Polymyositis is an uncommon disease that causes inflammation in your muscles. Doctors also refer to it as a type of connective tissue disease. Its most noticeable characteristic is muscle weakness, especially in the muscles closest to your trunk, such as your shoulder and hip muscles. As a result, you may find it difficult to get out of chairs, climb stairs, brush your hair or work with your arms over your head. The disease is rarely fatal, but it can be disabling in its more severe forms.
Although polymyositis can occur at any age, it mostly affects adults in their 40s and 50s. It is more common in blacks than in whites, and women have it more often than men do. The disease usually develops gradually over weeks or months.
A disease similar to polymyositis is dermatomyositis. Dermatomyositis leads to many of the same symptoms as polymyositis, but it causes a skin inflammation or rash as well. Globally, dermatomyositis and polymyositis together affect about 5 to 10 people out of 100,000. Other inflammatory muscle diseases include inclusion body myositis, which progresses more slowly than other forms; myositis associated with other connective tissue diseases, such as lupus or scleroderma; and myositis associated with cancer (malignancy).
Periods of remission, during which signs and symptoms improve spontaneously, rarely occur in polymyositis. However, treatment can improve your muscle strength and function.
Signs and symptoms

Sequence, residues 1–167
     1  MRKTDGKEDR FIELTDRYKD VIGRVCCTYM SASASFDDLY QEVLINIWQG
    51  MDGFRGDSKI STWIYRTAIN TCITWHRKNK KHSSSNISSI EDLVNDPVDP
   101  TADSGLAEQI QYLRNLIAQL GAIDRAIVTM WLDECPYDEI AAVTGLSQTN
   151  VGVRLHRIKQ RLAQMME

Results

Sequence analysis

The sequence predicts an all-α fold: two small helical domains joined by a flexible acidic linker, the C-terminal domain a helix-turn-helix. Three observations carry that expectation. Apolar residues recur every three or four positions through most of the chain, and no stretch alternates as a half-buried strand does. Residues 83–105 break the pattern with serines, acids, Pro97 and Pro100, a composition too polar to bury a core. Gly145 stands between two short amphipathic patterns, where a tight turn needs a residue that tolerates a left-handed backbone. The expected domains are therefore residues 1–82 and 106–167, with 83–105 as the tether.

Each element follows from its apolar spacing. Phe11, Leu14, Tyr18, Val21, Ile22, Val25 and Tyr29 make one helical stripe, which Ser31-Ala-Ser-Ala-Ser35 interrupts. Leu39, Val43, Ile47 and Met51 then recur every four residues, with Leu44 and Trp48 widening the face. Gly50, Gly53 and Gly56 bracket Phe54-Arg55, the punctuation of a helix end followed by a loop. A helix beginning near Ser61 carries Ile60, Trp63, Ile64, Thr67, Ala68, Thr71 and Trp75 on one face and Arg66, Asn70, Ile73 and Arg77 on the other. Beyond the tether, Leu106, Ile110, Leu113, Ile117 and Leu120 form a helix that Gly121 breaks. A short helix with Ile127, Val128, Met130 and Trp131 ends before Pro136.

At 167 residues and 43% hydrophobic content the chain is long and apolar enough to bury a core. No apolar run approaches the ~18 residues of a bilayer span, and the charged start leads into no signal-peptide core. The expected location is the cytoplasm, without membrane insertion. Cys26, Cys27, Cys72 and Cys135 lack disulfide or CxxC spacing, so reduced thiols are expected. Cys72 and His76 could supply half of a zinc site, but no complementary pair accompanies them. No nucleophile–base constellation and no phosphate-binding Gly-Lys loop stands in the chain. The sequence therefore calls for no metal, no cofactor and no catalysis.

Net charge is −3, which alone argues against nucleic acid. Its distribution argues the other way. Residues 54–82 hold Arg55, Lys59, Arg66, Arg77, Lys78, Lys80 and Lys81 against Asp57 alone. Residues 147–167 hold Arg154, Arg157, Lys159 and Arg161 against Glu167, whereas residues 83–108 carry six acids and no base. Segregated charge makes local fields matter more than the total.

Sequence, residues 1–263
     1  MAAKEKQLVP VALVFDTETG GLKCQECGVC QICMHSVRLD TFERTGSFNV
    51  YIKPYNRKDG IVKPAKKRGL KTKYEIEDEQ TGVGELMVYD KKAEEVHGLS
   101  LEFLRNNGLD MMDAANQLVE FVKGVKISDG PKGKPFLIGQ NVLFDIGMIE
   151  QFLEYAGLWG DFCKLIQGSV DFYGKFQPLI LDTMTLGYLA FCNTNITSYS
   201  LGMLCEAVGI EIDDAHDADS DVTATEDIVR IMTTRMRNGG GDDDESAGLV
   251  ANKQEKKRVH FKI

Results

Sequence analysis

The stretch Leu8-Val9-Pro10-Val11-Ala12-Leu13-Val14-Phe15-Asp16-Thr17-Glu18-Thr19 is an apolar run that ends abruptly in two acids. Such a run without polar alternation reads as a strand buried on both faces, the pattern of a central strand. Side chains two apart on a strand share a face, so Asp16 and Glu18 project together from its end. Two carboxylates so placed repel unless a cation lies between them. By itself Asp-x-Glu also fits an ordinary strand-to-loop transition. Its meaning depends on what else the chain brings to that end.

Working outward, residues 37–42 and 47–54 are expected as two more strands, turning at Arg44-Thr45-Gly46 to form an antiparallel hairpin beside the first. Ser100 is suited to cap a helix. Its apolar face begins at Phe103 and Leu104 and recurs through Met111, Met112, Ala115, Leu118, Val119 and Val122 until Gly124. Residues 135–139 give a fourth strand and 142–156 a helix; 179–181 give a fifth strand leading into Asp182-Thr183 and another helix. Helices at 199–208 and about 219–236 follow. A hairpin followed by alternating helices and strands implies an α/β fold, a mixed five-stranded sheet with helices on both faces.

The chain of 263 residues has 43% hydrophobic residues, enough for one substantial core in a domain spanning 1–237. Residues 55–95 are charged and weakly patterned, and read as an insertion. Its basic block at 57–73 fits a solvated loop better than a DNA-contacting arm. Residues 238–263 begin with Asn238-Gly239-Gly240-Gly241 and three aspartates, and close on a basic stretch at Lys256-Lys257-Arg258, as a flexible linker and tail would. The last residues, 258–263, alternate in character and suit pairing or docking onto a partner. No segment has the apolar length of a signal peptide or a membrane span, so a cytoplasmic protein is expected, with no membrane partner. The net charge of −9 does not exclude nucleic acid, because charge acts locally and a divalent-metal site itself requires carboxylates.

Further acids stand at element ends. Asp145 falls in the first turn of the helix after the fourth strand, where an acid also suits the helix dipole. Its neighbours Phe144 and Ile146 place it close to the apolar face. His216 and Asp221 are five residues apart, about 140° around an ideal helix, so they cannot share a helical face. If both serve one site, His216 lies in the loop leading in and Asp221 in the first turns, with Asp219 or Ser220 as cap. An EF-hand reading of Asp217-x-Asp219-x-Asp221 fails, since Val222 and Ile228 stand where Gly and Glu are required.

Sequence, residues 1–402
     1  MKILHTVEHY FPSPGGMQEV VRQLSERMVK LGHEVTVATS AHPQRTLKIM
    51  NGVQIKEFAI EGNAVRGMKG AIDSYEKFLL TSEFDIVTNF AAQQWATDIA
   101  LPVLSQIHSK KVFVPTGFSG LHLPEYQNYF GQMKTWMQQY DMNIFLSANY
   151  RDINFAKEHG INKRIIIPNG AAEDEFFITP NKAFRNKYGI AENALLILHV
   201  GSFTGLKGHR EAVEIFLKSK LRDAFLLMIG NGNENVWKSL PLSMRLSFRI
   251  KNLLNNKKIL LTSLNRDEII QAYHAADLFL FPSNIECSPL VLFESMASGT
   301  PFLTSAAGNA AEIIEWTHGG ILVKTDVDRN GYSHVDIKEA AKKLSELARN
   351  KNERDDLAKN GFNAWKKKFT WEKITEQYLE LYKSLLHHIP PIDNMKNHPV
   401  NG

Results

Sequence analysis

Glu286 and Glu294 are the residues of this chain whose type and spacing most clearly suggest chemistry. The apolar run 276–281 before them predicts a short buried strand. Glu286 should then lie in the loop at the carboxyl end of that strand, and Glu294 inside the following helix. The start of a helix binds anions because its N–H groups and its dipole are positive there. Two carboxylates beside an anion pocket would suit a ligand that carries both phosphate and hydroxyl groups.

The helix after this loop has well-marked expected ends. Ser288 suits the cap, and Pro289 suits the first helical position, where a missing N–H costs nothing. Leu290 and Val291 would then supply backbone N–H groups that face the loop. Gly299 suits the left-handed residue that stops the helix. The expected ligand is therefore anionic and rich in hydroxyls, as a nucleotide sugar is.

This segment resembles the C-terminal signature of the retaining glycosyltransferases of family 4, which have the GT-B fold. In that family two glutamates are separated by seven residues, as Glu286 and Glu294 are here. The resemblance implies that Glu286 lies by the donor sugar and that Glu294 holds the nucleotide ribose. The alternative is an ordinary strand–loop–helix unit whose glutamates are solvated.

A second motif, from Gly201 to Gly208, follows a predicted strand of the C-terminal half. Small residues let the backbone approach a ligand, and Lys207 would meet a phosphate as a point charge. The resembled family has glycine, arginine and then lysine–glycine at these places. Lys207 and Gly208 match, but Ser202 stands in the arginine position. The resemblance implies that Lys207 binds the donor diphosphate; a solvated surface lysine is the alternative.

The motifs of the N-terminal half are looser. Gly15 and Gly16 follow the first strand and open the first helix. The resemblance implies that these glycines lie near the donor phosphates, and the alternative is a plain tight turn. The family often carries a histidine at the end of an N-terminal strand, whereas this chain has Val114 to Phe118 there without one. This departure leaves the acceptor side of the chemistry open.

Signs and symptoms of polymyositis usually appear gradually, so it may be difficult to note when they first started. The most common signs and symptoms include:
Polymyositis belongs to a group of conditions called inflammatory myopathies. Myopathies are diseases or abnormal conditions of the striated muscles that cover your skeleton. The cause of most inflammatory myopathies is unknown. Doctors suspect that these are autoimmune disorders, in which your body's own immune system attacks itself. Infections caused by bacteria, parasites or viruses can cause inflammatory myopathies, but in most cases, doctors aren't able to identify an infection in polymyositis.
Typically, your immune system works to protect your healthy cells from
attacks by foreign substances, such as bacteria and viruses. If you have
polymyositis, an unknown cause seems to trigger your immune system to
begin producing autoimmune antibodies (also called autoantibodies). Many
people with polymyositis show a detectable level of autoantibodies in
their blood. It's unclear whether these autoantibodies are involved in
Polymyositis has also been associated with several viral diseases, including HIV. Some researchers speculate that, in some form, polymyositis may be caused by a viral infection of the muscle. This theory isn't well supported, however.
When to seek medical advice
If you experience weakness in your shoulder and hip muscles for a continued period, see your doctor. The earlier polymyositis is detected, the better your response may be to treatment. With treatment, you can manage and sometimes even reverse your signs and symptoms. If your doctor thinks you may have polymyositis, he or she may refer you to a specialist, such as a rheumatologist or a neurologist.
If you have difficulty swallowing or shortness of breath, call your doctor as soon as possible, as this may indicate the need for immediate help.